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After performing in internationals film for five decades, the German-born character actor Udo Kier is getting rave reviews for a rare Hollywood leading role in “Swan Song.” And at age 76, Kier says he’s hoping the role is no swan song for him: it’s just the beginning of a new phase of his career.

“I am really, really, a little bit surprised but pleasantly surprise that I made 50 years of movies, and now everybody writes: ‘After 50 years, finally Udo Kier is a leading man!’” Kier told Variety on Thursday night at the Los Angeles premiere of the film at iPic Theaters in Westwood. “Which is very nice of you all, the press. But for me, it’s going to be difficult because now in the future, I only want to do leading roles – unless it’s David Lynch or some great director. That’s a different story. I’m very, very, very happily surprised.”

During a chat on a sofa with a glass of wine in the theater lobby, Kier shared memories of being unexpectedly discovered during an airplane flight after being seated by chance next to director Paul Morrisey. He found mainstream attention playing the monster in 1973’s avant garde “Andy Warhol’s Frankenstein,” going on to appear in films helmed by distinctive visionaries including Lars von Trier, Gus van Sant, Werner Herzog, Dario Argento and Alexander Payne.

In “Swan Song,” Kier plays Mr. Pat, a gay hairdresser who dared to live his life out loud in a less enlightened time and place; now grappling with challenging senior years he returns to his former home to honor the last request of a long-estranged client (Linda Evans), who’s asked that he style her hair for her funeral and discovers the unexpected impact he’s had.

Kier was attracted to Mr. Pat’s colorful late-life reflection of the gender-norm-challenging glam of ’70s icons like David Bowie and Elton John, as well as the opportunity to commenting on the changes he’s seen in the country since first arriving in 1991 to shoot “My Own Private Idaho.” “If you would have said then a man or women who love each other can get married and adopt children, they would have said, ‘You’re crazy? In America?’ And that is why I was interested in this film.”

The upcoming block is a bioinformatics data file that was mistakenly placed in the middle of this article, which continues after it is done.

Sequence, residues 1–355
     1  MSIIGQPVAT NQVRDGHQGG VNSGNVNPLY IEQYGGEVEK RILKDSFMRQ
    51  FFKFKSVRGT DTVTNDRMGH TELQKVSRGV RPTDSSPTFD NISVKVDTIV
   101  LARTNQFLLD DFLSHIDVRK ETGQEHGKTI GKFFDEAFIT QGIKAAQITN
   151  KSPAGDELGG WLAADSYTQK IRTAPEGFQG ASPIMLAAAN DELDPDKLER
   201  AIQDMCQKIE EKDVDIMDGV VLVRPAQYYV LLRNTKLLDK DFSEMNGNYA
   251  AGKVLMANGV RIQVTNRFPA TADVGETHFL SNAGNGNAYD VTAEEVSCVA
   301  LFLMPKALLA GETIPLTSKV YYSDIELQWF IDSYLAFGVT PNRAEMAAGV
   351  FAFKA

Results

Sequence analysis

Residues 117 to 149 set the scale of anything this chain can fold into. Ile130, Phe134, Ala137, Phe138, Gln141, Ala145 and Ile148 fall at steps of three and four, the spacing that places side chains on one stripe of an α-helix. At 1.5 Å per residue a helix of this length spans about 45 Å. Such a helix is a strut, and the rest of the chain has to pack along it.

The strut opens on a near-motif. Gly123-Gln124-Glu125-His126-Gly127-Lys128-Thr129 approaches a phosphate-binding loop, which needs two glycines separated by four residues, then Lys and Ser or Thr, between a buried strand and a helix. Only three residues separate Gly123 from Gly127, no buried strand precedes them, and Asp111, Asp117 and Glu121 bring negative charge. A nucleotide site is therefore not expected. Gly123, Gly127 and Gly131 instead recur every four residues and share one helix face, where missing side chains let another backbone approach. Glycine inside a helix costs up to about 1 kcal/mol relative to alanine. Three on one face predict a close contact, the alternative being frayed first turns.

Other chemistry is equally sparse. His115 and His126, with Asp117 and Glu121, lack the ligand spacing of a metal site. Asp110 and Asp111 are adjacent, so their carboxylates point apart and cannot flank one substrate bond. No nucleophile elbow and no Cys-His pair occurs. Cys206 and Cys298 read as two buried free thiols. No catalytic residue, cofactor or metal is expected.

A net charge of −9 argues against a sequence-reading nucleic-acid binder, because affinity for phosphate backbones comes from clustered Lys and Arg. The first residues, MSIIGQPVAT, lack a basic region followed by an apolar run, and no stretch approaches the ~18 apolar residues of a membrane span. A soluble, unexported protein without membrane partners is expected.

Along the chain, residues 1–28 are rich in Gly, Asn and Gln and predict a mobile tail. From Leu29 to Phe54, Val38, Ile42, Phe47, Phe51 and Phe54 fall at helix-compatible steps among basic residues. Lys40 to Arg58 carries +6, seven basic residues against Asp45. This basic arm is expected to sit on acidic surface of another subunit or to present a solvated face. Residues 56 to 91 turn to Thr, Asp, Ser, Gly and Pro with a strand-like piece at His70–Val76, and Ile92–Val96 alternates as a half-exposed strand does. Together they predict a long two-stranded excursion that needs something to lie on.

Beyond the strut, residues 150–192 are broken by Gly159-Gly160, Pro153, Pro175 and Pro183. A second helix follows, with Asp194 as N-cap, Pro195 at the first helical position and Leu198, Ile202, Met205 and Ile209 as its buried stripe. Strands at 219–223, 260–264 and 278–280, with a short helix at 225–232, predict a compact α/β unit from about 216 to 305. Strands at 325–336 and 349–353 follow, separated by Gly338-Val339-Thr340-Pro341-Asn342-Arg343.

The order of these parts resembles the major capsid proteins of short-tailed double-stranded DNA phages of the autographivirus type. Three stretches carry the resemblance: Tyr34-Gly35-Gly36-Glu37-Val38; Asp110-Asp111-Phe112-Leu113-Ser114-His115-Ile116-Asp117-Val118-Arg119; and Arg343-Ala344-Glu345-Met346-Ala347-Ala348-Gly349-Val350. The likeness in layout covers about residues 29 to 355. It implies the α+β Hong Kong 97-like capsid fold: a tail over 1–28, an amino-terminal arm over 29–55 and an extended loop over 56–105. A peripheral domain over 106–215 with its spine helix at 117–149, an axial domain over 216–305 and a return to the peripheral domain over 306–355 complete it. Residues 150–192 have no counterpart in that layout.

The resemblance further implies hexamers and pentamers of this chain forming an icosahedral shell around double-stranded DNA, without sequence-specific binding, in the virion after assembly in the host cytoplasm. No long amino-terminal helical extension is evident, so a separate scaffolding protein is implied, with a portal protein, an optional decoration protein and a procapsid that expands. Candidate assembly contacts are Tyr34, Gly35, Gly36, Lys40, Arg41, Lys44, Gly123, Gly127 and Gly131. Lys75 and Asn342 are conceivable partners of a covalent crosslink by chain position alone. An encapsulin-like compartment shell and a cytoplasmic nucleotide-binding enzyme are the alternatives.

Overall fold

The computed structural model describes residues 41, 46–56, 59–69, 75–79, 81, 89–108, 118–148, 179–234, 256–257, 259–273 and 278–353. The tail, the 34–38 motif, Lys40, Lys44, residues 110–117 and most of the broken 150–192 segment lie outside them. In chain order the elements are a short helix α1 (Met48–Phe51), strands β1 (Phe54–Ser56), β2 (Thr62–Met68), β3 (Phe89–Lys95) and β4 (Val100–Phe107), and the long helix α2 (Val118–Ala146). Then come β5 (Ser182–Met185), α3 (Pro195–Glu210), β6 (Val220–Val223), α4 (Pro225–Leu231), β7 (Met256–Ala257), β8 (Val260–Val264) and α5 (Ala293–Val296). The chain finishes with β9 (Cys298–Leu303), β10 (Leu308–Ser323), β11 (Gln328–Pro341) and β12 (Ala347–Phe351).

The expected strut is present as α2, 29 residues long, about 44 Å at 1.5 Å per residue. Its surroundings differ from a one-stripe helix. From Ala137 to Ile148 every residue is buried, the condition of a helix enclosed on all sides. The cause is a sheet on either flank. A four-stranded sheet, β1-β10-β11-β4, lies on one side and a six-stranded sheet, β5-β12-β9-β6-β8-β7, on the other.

Writer-director Todd Stephens based Mr. Pat on a real man from his own hometown. “He gave me hope, because he was different and I felt different, and when I finally got up the nerve to go to the he local gay bar, I saw him there and I felt like I was home, like I had found my family, my tribe,” said Stephens. “Pat had no clue that he changed anybody’s life, and I’m sure he felt like his life didn’t mean that much, but he had the courage to be himself at a time when that was when that was like changing the world.”

Stephens, who’d admired Kier’s work since “My Own Private Idaho,” said he was completely sold on casting him when he journeyed to the actor’s Palm Springs home, where “he introduced me to his dog Liza Minelli — that was like a done deal. And the real Mr. Pat had really big, beautiful blue eyes just like Udo. So as soon as I met him, I knew he was the one.”

“The thing that’s so cool about this is that he’s a legend that is having a resurgence of being a legend,” said co-star Jennifer Coolidge, who plays Mr. Pat’s former protégé turned bitter rival, of Kier. “He’s done like 250 movies! There’s a reason everyone wants him, and there’s a reason he works so much. Because he has incredible presence – in person, but on-screen too, just this incredible command of energy. I can’t even describe what it is. It’s just a magical thing.”

Coolidge has no shortage of credits herself, and her recent, ambitious turns in “Swan Swong,” “Promising Young Woman” and “The White Lotus” have, she admitted, sparked a bit of an unexpected ‘Jen-aissance’ in Hollywood. “To be honest, it is so weird the timing of them all and them all coming out – it just looks like I did them all in a row,” she revealed. “Then of course, we got all frozen for a year, and now this great moment comes and they’re all like bang, bang, bang. How exciting is that?”

Coolidge said the sudden rush of renewed visibility has, career-wise, “opened some doors – and some things that I probably wouldn’t want to do also! It opens the whole gamut,” she laughed. “If all of this wasn’t happening, maybe I wouldn’t be getting all these calls, but it sort of puts your name out there, for all sorts of interesting things — or not!”

She admitted that she appreciates some downtown in between projects, in contrast to her early days performing in The Groundlings improv troupe, constantly grinding our new comedy sketches and characters, then coming back to square one.

“You could do something and feel like you’ve really scored,” she remembered. “Everything changed every week, so you’d have one show that would just be probably your best, you thought. And then the next week you’d go back to being Cinderella, just really scrubbing the floor.”

“I used all my bad experiences as my Grounding sketches, so I’m like, ‘Oh, I have to find another bad experience, have to put it on stage and get revenge on that horrible restaurant owner that treated me like garbage or something,’” she chuckled. “Because all my best characters, I think, were people that weren’t nice.”